Delivering Decisions: Response to Trends in Domestic Freight Transportation
August 5, 2019 | By Mathew Waller
The freight transportation industry never sits idle. It has a history of morphing into a newer version of itself, and the winners of yesterday and today become the losers of tomorrow if they fail to re-invent themselves to keep up with the changing times. Or change the times themselves.
Moving freight is big business. Transparency Market Research published a report in 2016 that estimated revenues of $8.18 trillion for the global logistics market and predicted that number would climb to $15.5 trillion by 2023. Plunket Analytics, meanwhile, estimates the U.S. freight transportation industry at $1 trillion.
It is also a complex industry. The supply chain involves a wide range of business activities – transportation, customer service, inventory management, order processing, payments, warehousing, packaging, purchasing, and maintenance, to name few. It carries products over roads, on the rail, on waterways, and through the air. Also, shipments can be as large as a container filled with big-screen televisions traveling to a distribution center or as small as a single hand-held tablet computer.
So, what’s the next metamorphosis for this heavy industry?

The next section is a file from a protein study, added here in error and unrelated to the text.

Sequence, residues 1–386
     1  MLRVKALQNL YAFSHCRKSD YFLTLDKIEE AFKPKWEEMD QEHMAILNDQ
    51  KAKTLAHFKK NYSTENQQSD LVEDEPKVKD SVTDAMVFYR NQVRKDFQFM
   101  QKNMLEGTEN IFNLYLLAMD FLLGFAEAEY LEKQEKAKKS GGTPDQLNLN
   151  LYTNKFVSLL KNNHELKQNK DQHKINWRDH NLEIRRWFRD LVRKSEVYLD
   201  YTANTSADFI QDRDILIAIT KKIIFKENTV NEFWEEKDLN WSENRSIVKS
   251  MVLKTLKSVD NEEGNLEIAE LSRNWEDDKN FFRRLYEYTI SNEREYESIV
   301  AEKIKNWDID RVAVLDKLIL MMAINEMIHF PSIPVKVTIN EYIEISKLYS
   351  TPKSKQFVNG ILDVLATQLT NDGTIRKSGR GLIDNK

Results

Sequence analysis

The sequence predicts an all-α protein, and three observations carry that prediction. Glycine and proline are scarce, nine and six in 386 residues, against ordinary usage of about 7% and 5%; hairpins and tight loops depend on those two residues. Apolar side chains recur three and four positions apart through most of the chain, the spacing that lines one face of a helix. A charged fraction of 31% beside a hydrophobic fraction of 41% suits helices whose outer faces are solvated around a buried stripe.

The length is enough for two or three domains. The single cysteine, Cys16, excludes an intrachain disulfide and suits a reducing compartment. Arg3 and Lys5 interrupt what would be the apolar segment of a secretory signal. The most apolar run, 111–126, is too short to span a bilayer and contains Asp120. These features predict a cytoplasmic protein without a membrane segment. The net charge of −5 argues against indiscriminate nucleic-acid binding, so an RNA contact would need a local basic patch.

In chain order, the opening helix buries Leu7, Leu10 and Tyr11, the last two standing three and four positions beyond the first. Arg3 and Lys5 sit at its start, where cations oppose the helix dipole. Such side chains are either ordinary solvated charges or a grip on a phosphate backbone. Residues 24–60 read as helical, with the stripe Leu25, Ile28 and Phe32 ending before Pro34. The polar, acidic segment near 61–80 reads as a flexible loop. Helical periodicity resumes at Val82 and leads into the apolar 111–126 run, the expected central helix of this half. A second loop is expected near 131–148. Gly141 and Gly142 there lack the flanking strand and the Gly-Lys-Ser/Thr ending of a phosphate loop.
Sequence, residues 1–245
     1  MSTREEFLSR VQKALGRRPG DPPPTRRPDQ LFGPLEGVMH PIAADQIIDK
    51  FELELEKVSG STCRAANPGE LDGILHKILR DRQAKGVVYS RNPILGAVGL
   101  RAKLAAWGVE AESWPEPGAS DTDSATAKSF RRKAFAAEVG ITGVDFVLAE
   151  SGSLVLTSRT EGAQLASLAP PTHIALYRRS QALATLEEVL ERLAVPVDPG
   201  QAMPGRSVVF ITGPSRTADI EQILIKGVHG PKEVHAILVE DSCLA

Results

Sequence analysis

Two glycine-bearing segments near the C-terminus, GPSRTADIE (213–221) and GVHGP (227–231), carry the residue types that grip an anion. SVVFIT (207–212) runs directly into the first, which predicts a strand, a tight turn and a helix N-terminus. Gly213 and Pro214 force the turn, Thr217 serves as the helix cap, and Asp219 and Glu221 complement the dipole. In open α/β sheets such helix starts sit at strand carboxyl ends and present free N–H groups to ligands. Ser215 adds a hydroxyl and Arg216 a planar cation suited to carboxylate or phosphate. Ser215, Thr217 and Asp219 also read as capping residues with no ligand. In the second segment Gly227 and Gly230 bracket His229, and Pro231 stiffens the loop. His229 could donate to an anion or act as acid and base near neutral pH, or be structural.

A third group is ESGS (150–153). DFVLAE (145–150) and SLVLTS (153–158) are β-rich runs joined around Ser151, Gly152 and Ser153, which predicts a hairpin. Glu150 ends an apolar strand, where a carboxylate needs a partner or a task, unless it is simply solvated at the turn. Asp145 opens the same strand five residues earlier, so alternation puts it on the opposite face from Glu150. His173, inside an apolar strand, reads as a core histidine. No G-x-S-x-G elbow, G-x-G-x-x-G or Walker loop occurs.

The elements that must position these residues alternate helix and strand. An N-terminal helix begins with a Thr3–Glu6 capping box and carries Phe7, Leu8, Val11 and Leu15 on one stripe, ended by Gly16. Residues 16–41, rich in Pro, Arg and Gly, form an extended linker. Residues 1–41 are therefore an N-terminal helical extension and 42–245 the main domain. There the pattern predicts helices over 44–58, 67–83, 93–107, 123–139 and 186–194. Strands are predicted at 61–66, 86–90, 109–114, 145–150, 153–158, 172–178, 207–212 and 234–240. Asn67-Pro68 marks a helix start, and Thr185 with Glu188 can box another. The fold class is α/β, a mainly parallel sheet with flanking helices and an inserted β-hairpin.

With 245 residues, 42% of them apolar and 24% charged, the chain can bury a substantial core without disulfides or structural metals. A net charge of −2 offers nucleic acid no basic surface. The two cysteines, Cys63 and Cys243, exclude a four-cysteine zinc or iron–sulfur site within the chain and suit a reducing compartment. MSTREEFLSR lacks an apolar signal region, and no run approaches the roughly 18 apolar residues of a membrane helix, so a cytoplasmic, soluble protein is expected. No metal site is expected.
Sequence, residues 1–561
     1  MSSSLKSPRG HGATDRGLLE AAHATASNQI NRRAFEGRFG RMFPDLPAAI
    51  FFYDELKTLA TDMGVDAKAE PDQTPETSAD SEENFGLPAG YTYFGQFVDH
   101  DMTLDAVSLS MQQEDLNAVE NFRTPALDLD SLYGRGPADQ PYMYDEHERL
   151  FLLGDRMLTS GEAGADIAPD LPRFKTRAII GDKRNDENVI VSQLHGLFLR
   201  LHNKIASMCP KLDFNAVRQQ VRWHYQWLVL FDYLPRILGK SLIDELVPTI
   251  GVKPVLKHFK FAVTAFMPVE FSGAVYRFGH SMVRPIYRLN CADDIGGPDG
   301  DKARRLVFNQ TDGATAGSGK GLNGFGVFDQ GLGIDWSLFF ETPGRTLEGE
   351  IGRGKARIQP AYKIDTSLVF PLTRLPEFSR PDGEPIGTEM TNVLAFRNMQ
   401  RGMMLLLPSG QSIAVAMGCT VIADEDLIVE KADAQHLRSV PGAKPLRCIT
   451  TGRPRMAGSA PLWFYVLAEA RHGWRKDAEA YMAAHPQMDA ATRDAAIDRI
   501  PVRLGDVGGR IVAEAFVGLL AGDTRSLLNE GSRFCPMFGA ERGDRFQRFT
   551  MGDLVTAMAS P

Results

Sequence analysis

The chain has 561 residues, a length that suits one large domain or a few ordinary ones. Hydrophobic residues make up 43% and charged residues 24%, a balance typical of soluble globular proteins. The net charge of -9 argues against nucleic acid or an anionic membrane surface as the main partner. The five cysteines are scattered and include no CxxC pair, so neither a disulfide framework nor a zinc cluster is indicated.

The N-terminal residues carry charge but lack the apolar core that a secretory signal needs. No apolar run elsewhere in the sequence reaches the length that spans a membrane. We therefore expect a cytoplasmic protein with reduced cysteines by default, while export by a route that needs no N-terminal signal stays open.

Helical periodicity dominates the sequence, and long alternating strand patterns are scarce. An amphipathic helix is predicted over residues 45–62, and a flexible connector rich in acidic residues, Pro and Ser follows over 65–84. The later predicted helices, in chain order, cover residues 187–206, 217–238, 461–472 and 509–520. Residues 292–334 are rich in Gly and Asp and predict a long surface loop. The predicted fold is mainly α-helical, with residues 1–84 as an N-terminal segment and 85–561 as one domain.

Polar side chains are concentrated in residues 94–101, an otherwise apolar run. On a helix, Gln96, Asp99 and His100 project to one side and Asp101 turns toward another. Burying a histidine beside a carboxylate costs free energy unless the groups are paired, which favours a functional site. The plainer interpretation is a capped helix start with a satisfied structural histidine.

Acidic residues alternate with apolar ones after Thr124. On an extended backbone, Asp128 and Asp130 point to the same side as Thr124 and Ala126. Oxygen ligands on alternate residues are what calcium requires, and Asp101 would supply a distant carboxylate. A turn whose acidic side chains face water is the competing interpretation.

The late Peter Drucker might have summed it best when he wrote, “The only thing we know about the future is that it is going to be different.”
Defining what “different” will look like in the years to come is an inexact science. There’s value, however, in thought leadership that helps shape the future in light of what we know today. So, the Sam M. Walton College of Business convened a group of leaders to discuss the implications of significant trends affecting the freight transportation industry. The 11 participants included top executives from Fortune 500 retail, food, freight, and logistics companies, as well as business professors, a venture capitalist specializing supply chain, a transportation security analyst from a top investment bank, and a world-renowned producer of economics media.
Rather than attempting to forecast the future, the group used a fast-paced guided discussion to produce powerful insights regarding what leaders should do today about the most significant trends in the freight transportation industry. The process focused on existing and emerging trends that will likely still be part of the business in 10 years. Working in two groups of five or six each and then as a large group, the participants identified more than a dozen factors affecting the industry. The first brainstorm was done electronically, with all the participants sharing their ideas via text. The results are in the word cloud graphic (Figure 1.0).
Figure 1.0: What do you believe are the trends that will affect domestic freight transportation that exists today and will likely in 10 years?
Next, the participants split into two groups to discuss and chart their top trends. From that list, they prioritized the top three, landing on automation, regulation, and e-commerce/final mile.
One of the participants summarized the findings by pointing out the thread that pulls them together: These trends are driven by consumers (e-commerce) and resulting in innovations (automation) that are impacted by regulations. Leaders, therefore, are challenged to drive automation that meets consumer demand, while also influencing consumers’ views about the tradeoffs that come with rules.